Dubai is primarily thought of as a financial and business hub for both the United Arab Emirates (UAE) and the Gulf region at large, given its incredibly rapid development and attractiveness for investors outside the region. These advances have brought Dubai fame primarily for its innovative buildings and extravagant man-made islands. However, in recent years, Dubai has been going green and attempting to take a more sustainable approach to development. Like its previous development, Dubai’s green efforts are uniquely innovative and forward thinking.
Sustainable Building Techniques
Architects in Dubai have made efforts to use construction techniques that are green in addition to being visually appealing. For example, recent development projects have relied more heavily on recycled materials, thus reducing waste in construction and giving these products new life. Skyscrapers might employ solar energy (taking advantage of the considerable sunlight in Dubai) and wind energy to reduce the city’s reliance on less sustainable energy sources. More futuristic building techniques involve planning for structures that will actually be situated at sea, taking advantage of solar, wind, and hydroelectric power to maintain a completely sustainable building. A Representative from AAJ Property in Dubai, a real estate business in the area, was asked why Dubai is employing more green techniques and their response was that “Dubai as a whole was attempting to support a more sustainable future”.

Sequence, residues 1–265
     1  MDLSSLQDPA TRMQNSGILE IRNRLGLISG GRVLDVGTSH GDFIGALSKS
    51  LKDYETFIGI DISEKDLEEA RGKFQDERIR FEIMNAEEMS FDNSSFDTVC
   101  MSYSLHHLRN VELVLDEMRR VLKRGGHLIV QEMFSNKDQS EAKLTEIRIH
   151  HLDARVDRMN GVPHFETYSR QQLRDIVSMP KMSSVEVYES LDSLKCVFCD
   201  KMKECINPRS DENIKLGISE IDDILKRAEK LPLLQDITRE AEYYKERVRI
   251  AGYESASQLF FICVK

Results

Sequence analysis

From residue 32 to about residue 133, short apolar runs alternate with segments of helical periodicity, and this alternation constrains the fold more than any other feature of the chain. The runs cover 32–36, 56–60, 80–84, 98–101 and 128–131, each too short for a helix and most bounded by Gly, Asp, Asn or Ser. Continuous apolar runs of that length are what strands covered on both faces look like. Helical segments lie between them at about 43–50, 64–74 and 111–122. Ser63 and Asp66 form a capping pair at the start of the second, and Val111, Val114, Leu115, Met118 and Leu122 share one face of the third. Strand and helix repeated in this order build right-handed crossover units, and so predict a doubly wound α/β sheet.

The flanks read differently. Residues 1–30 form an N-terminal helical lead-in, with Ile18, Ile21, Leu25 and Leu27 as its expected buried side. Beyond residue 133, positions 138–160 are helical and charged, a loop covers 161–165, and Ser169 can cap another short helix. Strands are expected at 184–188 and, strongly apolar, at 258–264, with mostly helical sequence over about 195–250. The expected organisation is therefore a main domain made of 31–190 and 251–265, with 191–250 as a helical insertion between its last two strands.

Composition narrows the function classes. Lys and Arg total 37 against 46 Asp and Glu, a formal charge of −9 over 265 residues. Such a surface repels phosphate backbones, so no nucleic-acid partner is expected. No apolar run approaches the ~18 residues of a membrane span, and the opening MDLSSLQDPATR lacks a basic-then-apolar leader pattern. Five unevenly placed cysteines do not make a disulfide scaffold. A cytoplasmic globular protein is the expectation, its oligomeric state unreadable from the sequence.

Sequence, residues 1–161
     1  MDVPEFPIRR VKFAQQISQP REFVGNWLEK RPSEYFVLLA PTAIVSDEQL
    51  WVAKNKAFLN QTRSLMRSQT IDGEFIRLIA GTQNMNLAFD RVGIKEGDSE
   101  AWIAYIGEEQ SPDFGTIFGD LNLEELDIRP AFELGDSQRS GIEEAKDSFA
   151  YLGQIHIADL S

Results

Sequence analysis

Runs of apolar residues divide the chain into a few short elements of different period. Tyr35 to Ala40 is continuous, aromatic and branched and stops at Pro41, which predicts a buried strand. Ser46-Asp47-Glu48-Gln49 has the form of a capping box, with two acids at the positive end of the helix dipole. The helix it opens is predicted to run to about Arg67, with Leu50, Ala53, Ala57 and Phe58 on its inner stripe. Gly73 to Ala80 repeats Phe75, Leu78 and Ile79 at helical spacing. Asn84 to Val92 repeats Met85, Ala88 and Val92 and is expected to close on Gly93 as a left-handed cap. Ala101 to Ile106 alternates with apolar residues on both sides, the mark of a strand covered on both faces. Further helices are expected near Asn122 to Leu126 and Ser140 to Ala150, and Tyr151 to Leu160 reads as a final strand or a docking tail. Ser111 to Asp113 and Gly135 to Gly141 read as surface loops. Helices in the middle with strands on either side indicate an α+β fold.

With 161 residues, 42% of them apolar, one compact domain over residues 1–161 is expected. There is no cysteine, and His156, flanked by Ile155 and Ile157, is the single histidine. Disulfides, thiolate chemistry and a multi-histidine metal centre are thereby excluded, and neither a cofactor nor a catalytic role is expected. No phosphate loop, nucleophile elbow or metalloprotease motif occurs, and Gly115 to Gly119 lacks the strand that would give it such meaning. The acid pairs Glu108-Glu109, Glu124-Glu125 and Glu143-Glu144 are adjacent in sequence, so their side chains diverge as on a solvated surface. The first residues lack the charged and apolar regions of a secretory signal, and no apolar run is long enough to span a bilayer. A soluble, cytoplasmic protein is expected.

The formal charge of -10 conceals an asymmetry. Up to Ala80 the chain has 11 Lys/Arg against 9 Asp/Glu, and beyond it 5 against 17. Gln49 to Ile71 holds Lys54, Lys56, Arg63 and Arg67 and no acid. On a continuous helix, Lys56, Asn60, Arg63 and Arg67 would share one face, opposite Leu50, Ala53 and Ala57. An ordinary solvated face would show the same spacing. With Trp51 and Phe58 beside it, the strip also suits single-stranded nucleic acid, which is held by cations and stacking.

Natural Urban Planning
While the current Dubai skyline is certainly visually stunning, it is also not very well integrated into the natural environment: the spread-out buildings seem to be islands of habitability in an otherwise unforgiving desert. In order to make future development projects truly sustainable, architects and urban planners in Dubai have been examining ways to make Dubai’s buildings completely compatible with the desert landscape so prevalent in the UAE. For instance, the Xeritown development in the area of Dubailand is an example of architects working to use the environment to the advantage of their design. Buildings in Xeritown are oriented in a way to maximize street exposure to cool, Northwesterly breezes. The uneven skyline can both improve airflows and maximize shade from the brutal sunshine that Dubai would otherwise receive. By orienting the city to the Northwest, buildings are well suited to solar energy and can be far more sustainable than skyscrapers dependent on fossil fuels. On a building-specific level, Xeritown buildings have significant awnings to keep retail areas in the shade, and freestanding circular structures allow pedestrians to easily duck out of the sun. Thus, the development is an effort to move from building-based sustainability to community-based sustainability. Dubai’s previous development efforts over the last few decades were seen by many to be relatively unsustainable, given the immense energy needs of its extravagant buildings and massive skyline. However, these recent developments have constituted something of a sea change for this unique city as it makes more aggressive efforts to be greener.